Thursday, April 28, 2011
BORN ON THIS DAY: LIONEL BARRYMORE
During World War I Lionel staved off the deadly Spanish Influenza by taking cold alcohol baths as an antiseptic.He was married twice, to actresses Doris Rankin and Irene Fenwick, a one-time lover of his brother John. Doris's sister Gladys was married to Lionel's uncle Sidney Drew, which made Gladys both his aunt and sister-in-law.
Doris Rankin bore Lionel two daughters, Ethel Barrymore II (b. 1908) and Mary Barrymore. Unfortunately, neither baby girl survived infancy, though Mary lived a few months. Lionel never truly recovered from the deaths of his girls, and their loss undoubtedly strained his marriage to Doris Rankin, which ended in 1923. Years later, Barrymore developed a fatherly affection for Jean Harlow, who was born about the same time as his two daughters and would have been about their age. When Jean died in 1937, Lionel and Clark Gable mourned her as though she had been family.
In 1924, he left Broadway for Hollywood. He starred as Frederick Harmon in director Henri Diamant-Berger's drama Fifty-Fifty (1925) opposite Hope Hampton and Louise Glaum, and made several other freelance motion pictures, including The Bells (Tiffany Pictures 1926) with a then-unknown Boris Karloff. After 1926, however, he worked almost exclusively for MGM, appearing opposite such luminaries as John Gilbert, Lon Chaney, Sr., Jean Harlow, Wallace Beery, Marie Dressler, Greta Garbo, and his brother John.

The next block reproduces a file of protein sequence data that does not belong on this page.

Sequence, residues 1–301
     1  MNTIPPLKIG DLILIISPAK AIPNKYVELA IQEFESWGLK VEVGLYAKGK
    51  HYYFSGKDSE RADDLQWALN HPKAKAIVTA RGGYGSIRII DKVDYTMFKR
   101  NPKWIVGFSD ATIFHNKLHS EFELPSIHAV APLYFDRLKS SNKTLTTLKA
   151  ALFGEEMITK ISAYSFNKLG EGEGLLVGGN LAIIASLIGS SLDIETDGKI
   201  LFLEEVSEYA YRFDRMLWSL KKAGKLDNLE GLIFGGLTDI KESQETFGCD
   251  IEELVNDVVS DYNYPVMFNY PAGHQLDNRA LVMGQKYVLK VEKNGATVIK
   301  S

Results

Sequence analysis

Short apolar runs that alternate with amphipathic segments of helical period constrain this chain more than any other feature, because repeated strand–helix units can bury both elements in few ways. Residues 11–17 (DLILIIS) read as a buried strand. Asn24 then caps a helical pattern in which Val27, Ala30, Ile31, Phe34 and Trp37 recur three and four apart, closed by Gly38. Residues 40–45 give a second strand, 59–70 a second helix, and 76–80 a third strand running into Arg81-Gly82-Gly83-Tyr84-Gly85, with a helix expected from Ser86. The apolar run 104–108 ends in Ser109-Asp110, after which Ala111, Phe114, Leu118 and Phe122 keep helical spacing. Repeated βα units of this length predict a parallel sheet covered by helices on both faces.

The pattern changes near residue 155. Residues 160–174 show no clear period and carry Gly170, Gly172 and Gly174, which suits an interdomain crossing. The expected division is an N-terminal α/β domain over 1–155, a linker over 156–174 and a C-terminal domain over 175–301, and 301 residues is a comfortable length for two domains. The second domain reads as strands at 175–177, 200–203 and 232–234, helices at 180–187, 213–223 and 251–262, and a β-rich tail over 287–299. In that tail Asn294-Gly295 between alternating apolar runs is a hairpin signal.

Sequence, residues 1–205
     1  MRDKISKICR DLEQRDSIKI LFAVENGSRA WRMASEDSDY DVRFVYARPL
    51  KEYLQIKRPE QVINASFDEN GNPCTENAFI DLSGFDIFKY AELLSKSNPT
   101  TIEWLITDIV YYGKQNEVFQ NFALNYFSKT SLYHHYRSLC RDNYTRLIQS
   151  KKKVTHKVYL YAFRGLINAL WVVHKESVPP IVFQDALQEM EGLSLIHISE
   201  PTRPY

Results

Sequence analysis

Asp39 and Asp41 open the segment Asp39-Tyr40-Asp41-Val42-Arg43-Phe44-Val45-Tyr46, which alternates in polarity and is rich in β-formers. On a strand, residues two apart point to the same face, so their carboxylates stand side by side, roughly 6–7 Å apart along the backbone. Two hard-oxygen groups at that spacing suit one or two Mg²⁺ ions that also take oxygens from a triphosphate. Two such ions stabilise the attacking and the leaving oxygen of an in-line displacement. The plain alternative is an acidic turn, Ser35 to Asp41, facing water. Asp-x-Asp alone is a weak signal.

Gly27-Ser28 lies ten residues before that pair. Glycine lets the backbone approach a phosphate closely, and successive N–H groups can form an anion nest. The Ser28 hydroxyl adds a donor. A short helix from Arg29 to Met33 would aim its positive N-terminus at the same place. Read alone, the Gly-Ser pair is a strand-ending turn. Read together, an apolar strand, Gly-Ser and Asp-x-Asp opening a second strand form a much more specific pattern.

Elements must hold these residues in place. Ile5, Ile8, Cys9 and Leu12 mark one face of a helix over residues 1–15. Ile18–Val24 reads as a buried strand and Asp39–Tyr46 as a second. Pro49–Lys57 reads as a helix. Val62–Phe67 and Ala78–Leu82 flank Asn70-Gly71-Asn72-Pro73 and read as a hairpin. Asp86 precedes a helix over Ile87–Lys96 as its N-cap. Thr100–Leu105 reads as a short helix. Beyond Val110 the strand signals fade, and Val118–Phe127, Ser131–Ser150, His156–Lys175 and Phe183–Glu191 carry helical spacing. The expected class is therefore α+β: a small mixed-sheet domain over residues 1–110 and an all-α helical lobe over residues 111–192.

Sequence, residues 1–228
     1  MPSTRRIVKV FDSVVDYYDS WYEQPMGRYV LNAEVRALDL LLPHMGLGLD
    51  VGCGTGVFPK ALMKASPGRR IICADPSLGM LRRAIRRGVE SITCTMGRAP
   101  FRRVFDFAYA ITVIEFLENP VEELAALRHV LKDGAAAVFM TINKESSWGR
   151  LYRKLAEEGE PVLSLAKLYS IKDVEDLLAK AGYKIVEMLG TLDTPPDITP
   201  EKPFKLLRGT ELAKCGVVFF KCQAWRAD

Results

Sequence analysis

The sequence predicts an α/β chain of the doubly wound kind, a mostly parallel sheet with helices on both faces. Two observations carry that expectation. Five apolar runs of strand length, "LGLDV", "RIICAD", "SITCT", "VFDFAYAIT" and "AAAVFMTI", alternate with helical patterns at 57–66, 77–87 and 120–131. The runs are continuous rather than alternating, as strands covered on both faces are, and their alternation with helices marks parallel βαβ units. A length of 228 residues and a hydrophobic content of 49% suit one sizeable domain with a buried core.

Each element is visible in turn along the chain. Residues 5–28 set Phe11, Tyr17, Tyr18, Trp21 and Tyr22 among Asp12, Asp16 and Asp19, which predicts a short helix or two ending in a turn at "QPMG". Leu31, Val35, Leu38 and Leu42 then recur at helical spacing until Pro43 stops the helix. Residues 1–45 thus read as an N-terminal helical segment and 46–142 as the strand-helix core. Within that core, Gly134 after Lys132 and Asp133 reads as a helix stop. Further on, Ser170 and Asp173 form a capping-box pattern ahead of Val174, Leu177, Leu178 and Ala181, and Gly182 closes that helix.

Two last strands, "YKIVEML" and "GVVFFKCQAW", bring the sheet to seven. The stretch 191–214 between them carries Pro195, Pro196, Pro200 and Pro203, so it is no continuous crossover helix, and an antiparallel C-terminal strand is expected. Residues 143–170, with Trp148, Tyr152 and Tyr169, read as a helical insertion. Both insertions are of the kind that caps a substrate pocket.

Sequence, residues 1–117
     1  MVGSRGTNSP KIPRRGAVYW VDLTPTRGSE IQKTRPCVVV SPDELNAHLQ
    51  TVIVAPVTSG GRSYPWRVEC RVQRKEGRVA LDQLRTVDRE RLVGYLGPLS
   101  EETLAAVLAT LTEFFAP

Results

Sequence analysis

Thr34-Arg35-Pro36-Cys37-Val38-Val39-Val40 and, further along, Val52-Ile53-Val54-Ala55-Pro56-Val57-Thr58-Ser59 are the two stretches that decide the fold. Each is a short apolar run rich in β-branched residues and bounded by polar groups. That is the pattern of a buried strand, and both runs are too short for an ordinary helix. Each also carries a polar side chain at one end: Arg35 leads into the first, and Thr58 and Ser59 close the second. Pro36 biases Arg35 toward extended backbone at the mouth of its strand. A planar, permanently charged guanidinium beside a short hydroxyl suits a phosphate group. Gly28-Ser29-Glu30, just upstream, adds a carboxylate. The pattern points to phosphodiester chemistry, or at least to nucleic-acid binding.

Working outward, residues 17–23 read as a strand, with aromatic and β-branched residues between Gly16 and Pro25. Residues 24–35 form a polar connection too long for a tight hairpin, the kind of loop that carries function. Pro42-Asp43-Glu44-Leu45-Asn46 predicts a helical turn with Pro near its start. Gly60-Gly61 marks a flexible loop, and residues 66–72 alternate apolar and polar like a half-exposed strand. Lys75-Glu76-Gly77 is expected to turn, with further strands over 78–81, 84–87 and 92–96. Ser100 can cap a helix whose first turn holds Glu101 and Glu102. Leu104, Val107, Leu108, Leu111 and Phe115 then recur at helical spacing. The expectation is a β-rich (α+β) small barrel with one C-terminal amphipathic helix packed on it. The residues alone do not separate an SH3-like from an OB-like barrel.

On the occasional loan-out, Barrymore had a big success with Gloria Swanson in 1928's Sadie Thompson and the aforementioned Griffith film, Drums of Love. Talkies were now a reality and Barrymore's stage-trained voice recorded well in sound tests. In 1929, he returned to directing films. During this early and imperfect sound film period, he made the controversial His Glorious Night with John Gilbert, Madame X starring Ruth Chatterton, and Rogue Song, Laurel & Hardy's first color film. Barrymore returned to acting in front of the camera in 1931.
In that year, he won an Academy Award for his role as an alcoholic lawyer in A Free Soul (1931), after being nominated in 1930 for Best Director for Madame X. He could play many characters, like the evil Rasputin in the 1932 Rasputin and the Empress (in which he co-starred with siblings John and Ethel) and the ailing Oliver Jordan in Dinner at Eight (1933 - also with John Barrymore, although they had no scenes together).
In a series of Doctor Kildare movies in the 1930s and 1940s, he played the irascible Doctor Gillespie, repeating the role he'd created in the radio series throughout the 1940s. He also played the title role in another 1940s radio series, Mayor of the Town. Barrymore had broken his hip in an accident, hence he played Gillespie in a wheelchair; later, his worsening arthritis kept him in the chair. The injury also precluded his playing Ebenezer Scrooge in the 1938 MGM film version of A Christmas Carol, a role Barrymore played every year but one on the radio from 1934 through 1953.
Perhaps his best known role, thanks to perennial Christmastime replays on television, was Mr. Potter, the miserly and mean-spirited banker in It's a Wonderful Life (1946). His final film appearance was a cameo in Main Street to Broadway, an MGM musical comedy released in 1953. His sister Ethel also appeared in the film.
Lionel Barrymore died on November 15, 1954 from a heart attack in Van Nuys, California, and was entombed in the Calvary Cemetery in East Los Angeles, California...